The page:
LAND of Hope and Glory is a British patriotic song from 1901, which is usually performed at the Last Night of The BBC Proms.
However, the song has been mired in controversy over its lyrics referencing colonialism, which has led the BBC to say it will ditch the words when Last Night of the Proms airs later this year.
What are the lyrics to Land of Hope and Glory?
Land of Hope and Glory has a distinctive chorus between its verses.
The song was written by A. C. Benson, and was then put to music by Edward Elgar at the beginning of the 20th century, in 1901.
It was King Edward VII himself who suggested the melody for the lyrics.
LAND OF HOPE AND GLORY
Dear Land of Hope, thy hope is crowned,
God make thee mightier yet!
On Sov'ran brows, beloved, renowned,
Once more thy crown is set.
Thine equal laws, by Freedom gained,
Have ruled thee well and long;
By Freedom gained, by Truth maintained,
Thine Empire shall be strong.
Land of Hope and Glory, Mother of the Free,
How shall we extol thee, who are born of thee?
Wider still and wider shall thy bounds be set;
God, who made thee mighty, make thee mightier yet,
God, who made thee mighty, make thee mightier yet.
Thy fame is ancient as the days,
As Ocean large and wide:
A pride that dares, and heeds not praise,
A stern and silent pride;
Not that false joy that dreams content
With what our sires have won;
The blood a hero sire hath spent
Still nerves a hero son.
Why is it controversial?
The song has recently caused controversy, because of its direct references to the glory of the British Empire.
The patriotic classic has caused a stir after the BBC considered dropping it from the Last Night Of The Proms.
Land of Hope and Glory has been called out for having links to colonialism in its lyrics – and in the wake of the Black Lives Matter protests, has been deemed controversial.
Critics have seen the lyrics, "By freedom gained, by truth maintained, thine Empire shall be strong"as ironic – since it was by enslaving and conquering other lands, taking their "freedom," that the Empire was "strong."
Prof Kehinde Andrews, from the School of Social Sciences at Birmingham City University, insisted both Rule Britannia and Land Of Hope And Glory should no longer be played due to their "racist propaganda" connotations.
The academic said on Good Morning Britain: "Ban is the wrong word, it's not censorship.
"It's saying some songs, particularly those two, are racist propaganda which celebrates the British Empire which killed tens of millions people, many of which like myself are descendants of those victims of colonialism.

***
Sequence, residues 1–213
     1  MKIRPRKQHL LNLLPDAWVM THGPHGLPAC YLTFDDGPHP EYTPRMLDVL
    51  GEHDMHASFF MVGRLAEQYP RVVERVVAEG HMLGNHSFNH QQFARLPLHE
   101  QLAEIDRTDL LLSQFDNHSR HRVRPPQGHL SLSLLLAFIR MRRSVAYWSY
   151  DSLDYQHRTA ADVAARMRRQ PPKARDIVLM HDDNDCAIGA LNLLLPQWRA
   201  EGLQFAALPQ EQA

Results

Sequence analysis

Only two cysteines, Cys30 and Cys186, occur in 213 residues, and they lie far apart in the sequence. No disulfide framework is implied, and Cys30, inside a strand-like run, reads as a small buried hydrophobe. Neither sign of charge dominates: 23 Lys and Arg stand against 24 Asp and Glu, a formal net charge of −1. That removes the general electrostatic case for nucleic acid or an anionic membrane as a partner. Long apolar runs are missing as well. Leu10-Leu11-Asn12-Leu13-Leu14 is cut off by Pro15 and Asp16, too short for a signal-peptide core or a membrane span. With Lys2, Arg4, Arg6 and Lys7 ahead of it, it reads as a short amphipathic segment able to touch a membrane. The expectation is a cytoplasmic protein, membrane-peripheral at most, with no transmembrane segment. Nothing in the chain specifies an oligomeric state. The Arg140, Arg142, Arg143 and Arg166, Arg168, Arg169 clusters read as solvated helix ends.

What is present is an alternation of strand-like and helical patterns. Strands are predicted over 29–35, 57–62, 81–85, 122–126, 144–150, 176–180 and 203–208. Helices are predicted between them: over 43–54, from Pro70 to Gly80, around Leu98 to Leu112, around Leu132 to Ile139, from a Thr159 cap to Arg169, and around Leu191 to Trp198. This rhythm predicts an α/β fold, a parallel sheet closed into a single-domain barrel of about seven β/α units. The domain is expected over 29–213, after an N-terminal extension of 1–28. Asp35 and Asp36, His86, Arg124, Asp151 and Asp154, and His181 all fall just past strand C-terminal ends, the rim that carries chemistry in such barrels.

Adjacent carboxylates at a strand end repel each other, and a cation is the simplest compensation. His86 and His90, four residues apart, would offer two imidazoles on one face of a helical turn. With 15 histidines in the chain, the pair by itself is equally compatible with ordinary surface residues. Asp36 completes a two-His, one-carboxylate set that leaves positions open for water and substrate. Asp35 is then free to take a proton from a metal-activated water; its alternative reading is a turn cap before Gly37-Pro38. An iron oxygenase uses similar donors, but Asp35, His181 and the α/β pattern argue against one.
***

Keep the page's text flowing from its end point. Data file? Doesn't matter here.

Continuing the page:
"It's totally inappropriate, it's not about banning and censorship, it's about saying what songs do we want to represent us.
"If, and it's a big if, we do want an anti-racist Britain then songs like these should not be celebrated in the proms."
When was it written?
Land of Hope and Glory was written in 1901.
At the time, the British had just won the Boer War, and the Empire was about to reach its peak – having sway over 23 per cent of the world population.
What does it mean?
The patriotic song is full of references to the glory of the British Empire, colonialism, and the idea that Britons were blessed by God who made them "mightier."
The lyrics in the chorus, "Wider still and wider shall thy bounds be set" alludes to making the British Empire bigger and bigger – a concept that critics say shouldn't be glorified in a song.
The reference to the extension of the British Empire's boundaries may reflect the Boer War – which Brits won at the time the song was written.
Classical music critic Richard Morrison said in a column for BBC Music Magazine last month: "In the wake of the Black Lives Matter protests and the toppling of the statue of the slave trader Edward Colston in Bristol, it would surely be insensitive, bordering on the incendiary, to roar out these hypocritical 18th-century words, with or without irony."
Chi-chi Nwanoku, the founder of Chineke!, an orchestra whose musicians are majority black, Asian and ethnically diverse, criticised the song: "It’s so irrelevant to today’s society.
"It’s been irrelevant for generations, and we seem to keep perpetuating it."
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